The Worried Executive's Guide: Preventing the Telephone Company's Disasters from Becoming Yours (Part 3 of 3)
- A: Where Will You Meet After a Disaster?
- B: Make Your Phone Numbers Follow You
- C: Recognize the Benefits and Pitfalls of Wireless Phones
- D: Consider Two-Way Radios
- E: Carry Pagers
- F: Large Campus? Consider a Low-Power AM Broadcast Station
- G: Who Will Clean Up the Mess?
- H: Who Rewires the Building?
- I: Consult a Commercial Disaster-Recovery Center
- J: Are Your People Willing to Leave Town in a Disaster?
- K: What If Some People Dont Show Up?
- L: Does Everyone Know How to Get to the Recovery Center?
- M: Test Your Recovery Center
- N: Do You Know How to Use the Recovery Center Phones?
- O: Whos in Charge of the Recovery?
- P: Keeping the EMT Apprised
- Q: Who Will Retrieve Data Stored Offsite?
- R: Consider Online Vaulting
- S: Where Is Your Voice Mail System?
- T: Look Carefully at Automated Call Distribution Units
- U: Dont Expect Anything to Work the First Time After a Disaster
- V: Where Will You Get Telecommunications Test Equipment?
- W: For Want of a Nail
- X: Seen Any Good Books Lately?
- Y: Could You Work at the Recovery Center for a Long Time?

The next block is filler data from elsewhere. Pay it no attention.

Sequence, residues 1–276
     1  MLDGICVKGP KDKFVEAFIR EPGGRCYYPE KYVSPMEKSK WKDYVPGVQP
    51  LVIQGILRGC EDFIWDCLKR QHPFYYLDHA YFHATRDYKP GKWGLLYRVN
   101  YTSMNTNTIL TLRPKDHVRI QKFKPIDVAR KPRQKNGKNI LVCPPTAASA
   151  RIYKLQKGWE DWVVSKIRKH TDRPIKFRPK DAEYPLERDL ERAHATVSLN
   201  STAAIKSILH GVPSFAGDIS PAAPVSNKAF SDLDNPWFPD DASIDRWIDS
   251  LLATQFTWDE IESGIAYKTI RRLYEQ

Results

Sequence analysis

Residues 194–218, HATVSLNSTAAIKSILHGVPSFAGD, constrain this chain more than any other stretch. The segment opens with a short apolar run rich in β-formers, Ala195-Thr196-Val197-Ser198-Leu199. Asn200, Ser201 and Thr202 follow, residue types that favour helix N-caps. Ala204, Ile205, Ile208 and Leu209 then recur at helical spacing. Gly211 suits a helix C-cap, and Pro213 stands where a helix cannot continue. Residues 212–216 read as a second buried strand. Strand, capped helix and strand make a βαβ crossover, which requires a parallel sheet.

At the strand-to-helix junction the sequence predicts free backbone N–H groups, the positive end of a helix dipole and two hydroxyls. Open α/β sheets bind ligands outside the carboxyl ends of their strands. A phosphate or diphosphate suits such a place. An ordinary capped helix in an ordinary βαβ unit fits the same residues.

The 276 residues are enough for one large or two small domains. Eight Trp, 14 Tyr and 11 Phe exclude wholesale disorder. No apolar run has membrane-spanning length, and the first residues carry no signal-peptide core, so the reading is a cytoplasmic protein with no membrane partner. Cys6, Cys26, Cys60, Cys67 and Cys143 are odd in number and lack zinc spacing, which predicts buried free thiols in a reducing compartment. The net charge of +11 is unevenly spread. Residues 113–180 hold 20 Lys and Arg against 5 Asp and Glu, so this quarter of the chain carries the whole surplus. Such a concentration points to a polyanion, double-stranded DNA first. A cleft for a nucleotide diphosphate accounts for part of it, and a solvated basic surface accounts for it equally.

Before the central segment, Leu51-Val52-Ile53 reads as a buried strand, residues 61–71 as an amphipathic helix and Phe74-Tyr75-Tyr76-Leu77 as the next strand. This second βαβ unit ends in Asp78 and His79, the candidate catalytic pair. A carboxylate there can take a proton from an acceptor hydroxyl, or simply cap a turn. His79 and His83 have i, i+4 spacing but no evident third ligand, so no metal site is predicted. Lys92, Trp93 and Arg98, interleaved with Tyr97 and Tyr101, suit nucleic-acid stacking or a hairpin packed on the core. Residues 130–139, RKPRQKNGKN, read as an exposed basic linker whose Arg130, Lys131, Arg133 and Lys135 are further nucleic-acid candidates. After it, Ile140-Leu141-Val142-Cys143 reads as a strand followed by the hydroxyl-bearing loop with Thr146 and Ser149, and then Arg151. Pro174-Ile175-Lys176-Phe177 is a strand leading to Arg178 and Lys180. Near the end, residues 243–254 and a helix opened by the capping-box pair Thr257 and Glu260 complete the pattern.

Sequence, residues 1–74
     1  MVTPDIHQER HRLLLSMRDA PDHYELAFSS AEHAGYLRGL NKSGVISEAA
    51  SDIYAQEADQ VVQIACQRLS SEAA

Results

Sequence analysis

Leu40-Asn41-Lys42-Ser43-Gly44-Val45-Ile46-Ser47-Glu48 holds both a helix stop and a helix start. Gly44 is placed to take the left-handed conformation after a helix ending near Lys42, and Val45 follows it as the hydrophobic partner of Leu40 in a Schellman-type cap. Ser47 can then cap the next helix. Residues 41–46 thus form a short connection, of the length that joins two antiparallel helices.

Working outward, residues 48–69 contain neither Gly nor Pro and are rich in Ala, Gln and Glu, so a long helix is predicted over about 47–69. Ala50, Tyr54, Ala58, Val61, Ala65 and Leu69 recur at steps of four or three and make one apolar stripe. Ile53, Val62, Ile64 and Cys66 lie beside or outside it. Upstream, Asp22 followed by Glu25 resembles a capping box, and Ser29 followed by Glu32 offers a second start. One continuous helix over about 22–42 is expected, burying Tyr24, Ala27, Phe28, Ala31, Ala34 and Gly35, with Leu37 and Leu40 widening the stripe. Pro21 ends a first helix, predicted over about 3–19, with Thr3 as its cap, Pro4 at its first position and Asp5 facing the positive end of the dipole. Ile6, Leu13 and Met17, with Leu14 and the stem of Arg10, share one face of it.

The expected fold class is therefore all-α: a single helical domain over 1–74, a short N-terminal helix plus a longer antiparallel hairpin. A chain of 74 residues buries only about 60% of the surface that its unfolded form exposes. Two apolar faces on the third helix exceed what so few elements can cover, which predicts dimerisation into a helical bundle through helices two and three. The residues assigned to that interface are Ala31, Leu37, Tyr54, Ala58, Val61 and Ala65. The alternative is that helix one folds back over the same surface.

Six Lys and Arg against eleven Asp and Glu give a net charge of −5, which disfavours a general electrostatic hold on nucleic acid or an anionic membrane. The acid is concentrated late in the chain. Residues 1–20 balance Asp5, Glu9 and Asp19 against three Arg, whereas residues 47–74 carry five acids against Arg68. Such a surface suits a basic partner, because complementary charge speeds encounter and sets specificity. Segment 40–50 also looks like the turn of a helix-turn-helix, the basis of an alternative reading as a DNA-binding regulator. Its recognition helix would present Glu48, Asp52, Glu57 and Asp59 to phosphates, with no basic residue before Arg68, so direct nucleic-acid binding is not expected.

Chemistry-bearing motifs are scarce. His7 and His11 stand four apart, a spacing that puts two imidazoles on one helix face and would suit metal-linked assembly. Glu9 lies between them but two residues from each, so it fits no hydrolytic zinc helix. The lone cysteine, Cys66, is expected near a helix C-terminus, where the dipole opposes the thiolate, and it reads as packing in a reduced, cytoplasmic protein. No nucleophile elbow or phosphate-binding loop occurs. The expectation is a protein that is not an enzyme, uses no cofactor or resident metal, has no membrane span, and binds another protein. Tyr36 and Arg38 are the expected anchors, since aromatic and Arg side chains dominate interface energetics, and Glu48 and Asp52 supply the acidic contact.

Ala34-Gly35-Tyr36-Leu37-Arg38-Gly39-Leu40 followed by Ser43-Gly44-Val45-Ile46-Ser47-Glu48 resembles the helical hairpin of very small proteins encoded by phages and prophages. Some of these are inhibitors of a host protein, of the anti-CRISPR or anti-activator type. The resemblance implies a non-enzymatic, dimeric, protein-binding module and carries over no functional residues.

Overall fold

- Z: What Did You Learn From Your Last Test?
- Summary: What Did You Learn from This Series?
O: Who’s in Charge of the Recovery?
Issue: Even a dominant telecommunications department is going to play "supporting cast" to higher management in a disaster. Are these higher-ups identified in your telecommunications recovery plan? Many organizations use the concept of an Executive Management Team (EMT). The EMT is the group of people who meet at temporary facilities or staging areas (residence, hotel, branch office, or some other location) to coordinate the overall recovery.
Action: As part of your disaster-recovery coordination, plan for the EMT to have ready access to phones, fax, email, high-speed Internet, and other telecommunications technologies essential to command and control. While we’re on this subject, remember that your staff may be split three ways after a disaster. Some people will be going to the recovery center, some will stay to coordinate the cleanup, and some will staff the EMT.